As the movies of 2021 now compete with screentime and theater space, here’s my list of films that surprised and delighted me or made me think. Many of these have been given more space in early reviews on this blog like “Nine Days” and “Drive My Car”. There were so many interesting films made by directors who made courageous choices: filming in black & white, utilizing animation or mixing genres, or pushing the boudaries of storytelling in some way. Many of these films I admired even as I didn’t enjoy them (“The Green Knight”, “Memoria”, and “Zola” come to mind). There are films that others loved that I couldn’t bring myself to watch or found disturbing/stupid/annoying (“Titane”, “Pig”, “Licorice Pizza”, “Bad Luck Banging”, “Annette”).
There were a few films that presented the female experience in wonderful creative ways: “The Lost Daughter“, “The Worst Person in the World“, and “Ninjababy“. All three films explored how women can have agency in their choses of romantic parners or the way they become mothers or choose to not be mothers.
Movies that surprised me when I had low expectations: “Cruella”, “Dune”, and “Free Guy”. I thought the production design and costumes were phenomenal in “Cruella”, the acting top-notch by both Emmas (Stone and Thompson) and the concept was a fun spoof on the old Disney version. Streaming on Disney +.
I’ve read all the Dune books and have seen two versions. The current iteration surpasses them both, “Dune” is both beautiful and exhilarating in the creation of the various worlds of the novels. Sadly, the characters that you come to love are often killed before you have any quality time…but the movie left us all craving the rest of the story. Streaming (but how unfortunate to experience it that way) on Apple TV, stream for $25 (!) and still in a few theaters.
“Free Guy” had a great concept but then followed through with hilarious performances and a little genuine heart. What could’ve been a strictly gamer film aimed at teen boys had a kick-ass female lead (Jodie Comer), a sweet buddy relationship (Lil Rel Howery) and a less snarky Ryan Reynolds as Guy. Streaming on most sites for $6.
Documentaries that revealed different worlds or perspectives: “Julia” revealed a side to Julia Child that I hadn’t known. She was both a sensualist and a feminist (though she might’ve argued that point). It’s the scrumptious film that everyone who only liked the Julia part of “Julie and Julia” deserves. Streaming for $20 or still in a few theaters.
Two smaller documentaries that I lucked into seeing at the Philadelphia Film Festival are worth seeking out. “Krimes” is a look at how art can be a redemptive force. One talented young man, Jesse Krimes, used art to stay sane behind bars. Other inmates found redemption through public art. All of the artists would say that art saved their souls. Stay tuned to MTV Documentary.
“The Automat: The Horn & Hardart Movie” blew me away. Who knew there were once more Automat restaurants in America than any fast-food chain? The idea of a warm piece of pie behind a coin-operated kiosk that you could enjoy with a great cup of coffee from an art deco urn is amazing enough. But to think you might enjoy it at a marble table you might share with an artist, an aristocrat or a homeless person? I had no idea that Philadelphia was the birthplace. The film features Mel Brooks and it’s an inspiring story of an America I wish I’d known. Follow them @AUTOMATmovie to see the film festival screenings.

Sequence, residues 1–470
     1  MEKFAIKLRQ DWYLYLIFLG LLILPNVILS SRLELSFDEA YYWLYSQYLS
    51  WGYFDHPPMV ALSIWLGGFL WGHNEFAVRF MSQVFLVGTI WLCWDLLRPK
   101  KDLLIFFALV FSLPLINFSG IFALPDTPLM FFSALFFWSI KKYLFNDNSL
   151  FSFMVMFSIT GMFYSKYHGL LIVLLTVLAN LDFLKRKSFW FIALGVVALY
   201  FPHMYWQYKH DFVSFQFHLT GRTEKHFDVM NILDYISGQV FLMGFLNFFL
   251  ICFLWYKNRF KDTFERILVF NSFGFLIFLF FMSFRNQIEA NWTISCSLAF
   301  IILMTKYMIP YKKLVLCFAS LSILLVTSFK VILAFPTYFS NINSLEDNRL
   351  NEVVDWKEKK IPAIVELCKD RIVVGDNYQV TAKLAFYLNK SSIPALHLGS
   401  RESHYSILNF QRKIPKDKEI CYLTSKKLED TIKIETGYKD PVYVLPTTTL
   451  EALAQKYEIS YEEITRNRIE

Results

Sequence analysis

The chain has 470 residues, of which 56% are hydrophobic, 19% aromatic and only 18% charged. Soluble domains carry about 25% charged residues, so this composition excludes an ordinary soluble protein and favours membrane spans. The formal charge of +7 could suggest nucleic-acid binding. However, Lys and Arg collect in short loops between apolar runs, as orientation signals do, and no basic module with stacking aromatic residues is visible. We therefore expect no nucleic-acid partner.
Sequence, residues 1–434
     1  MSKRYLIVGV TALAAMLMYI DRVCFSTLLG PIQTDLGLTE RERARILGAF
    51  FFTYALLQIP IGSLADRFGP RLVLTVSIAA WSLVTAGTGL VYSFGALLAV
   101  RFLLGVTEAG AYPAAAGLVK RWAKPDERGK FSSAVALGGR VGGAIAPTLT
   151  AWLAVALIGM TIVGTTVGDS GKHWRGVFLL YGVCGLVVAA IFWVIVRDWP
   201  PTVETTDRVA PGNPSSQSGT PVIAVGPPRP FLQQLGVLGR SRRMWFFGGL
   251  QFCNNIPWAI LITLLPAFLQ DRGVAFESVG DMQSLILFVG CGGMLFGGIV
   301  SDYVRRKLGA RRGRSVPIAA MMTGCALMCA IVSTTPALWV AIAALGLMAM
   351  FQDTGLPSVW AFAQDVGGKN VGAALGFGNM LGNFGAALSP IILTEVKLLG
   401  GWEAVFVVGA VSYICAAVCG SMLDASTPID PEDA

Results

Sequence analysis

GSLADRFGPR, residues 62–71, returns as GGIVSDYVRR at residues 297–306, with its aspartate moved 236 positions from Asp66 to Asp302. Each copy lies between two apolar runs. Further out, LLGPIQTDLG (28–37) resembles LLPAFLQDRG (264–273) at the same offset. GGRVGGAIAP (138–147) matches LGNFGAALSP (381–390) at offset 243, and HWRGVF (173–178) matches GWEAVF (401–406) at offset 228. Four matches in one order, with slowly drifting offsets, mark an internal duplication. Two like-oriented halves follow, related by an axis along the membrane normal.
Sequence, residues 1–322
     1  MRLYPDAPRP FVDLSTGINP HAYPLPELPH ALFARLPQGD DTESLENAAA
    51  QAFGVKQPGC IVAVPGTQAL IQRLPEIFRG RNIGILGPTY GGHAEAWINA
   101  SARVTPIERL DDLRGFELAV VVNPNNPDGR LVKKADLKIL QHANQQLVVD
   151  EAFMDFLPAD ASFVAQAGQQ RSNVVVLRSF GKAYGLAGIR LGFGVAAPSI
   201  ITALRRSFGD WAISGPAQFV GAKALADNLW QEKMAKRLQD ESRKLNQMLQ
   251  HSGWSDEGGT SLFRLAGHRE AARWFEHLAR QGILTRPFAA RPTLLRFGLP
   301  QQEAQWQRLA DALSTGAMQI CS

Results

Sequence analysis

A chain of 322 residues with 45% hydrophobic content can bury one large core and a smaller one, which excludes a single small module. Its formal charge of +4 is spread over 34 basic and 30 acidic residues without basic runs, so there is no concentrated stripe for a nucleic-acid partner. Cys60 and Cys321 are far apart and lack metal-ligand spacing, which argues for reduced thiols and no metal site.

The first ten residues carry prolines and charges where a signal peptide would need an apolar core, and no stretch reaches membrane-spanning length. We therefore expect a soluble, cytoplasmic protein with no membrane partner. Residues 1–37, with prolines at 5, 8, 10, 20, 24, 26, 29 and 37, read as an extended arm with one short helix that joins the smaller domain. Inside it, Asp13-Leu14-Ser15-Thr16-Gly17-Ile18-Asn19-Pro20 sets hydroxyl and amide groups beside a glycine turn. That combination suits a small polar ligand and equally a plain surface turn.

Animated films: “Flee” is award worthy as a ground-breaking queer immigrant story. It’s also an amazing film. Limited theater screenings, Neon will likely stream in 2022. I enjoyed “Raya and the Last Dragon” and wish it had opened next year to gain a larger audience. It deserved to be seen by families on the big screen. Stream on Disney + or $4 on other platforms.
Big-budget Action Film: “Dune” could fall in this category too. I haven’t seen “Matrix Resurrection” yet. My favorite was “Shang-Chi and the Legend of the Ten Rings” – an unexpected pleasure with humor, great fighting and a wonderful story. Stream on Disney + or $5 on most platforms.
Musical: “tick, tick…Boom” is inventive, has catchy songs, and is a great memorial for the talented Jonathon Larson. The film’s star, Andrew Garfield, deserves all the accolades. Stream on Netflix.
Sci-Fi/Fantasy: “Nine Days” is a philosophical/spiritual film that happens to be set in an other-worldly space. In turns moving, funny, and thought-provoking; I found myself thinking about the film long after I left the theater. Great performances by the incredible cast. Stream it for $4/$5 on the usual platforms.
Best Drama: “The Power of the Dog” is Jane Champion at the top of her game as a director and the small central cast is outstanding. It’s a film that gets under your skin and expects the audience to commit to story to gain the full power of this unsettling tale of toxic masculinity. Runner Up: “Drive My Car”. In a year that I lamented the 2-hour plus running time of the Big Movies (ugggh!), Ryasuke Hamaguchi has made a three-hour masterpiece. “Drive My Car” ruminates on grief, recovering from trauma, the transformative power of relationships, and Chekov. Playing at art-house cinemas, likely to stream in 2022.
There are many other films that I enjoyed; that moved me, made me laugh or ponder, and gave me joy. There are some that I still haven’t seen and hope to get to once they’re out next week or that I’ll be forced to watch on my tv. I’m truly grateful for the incredible films of 2021. Follow me at Drinks With Films on Instagram to see even more film reviews. See you at the movies!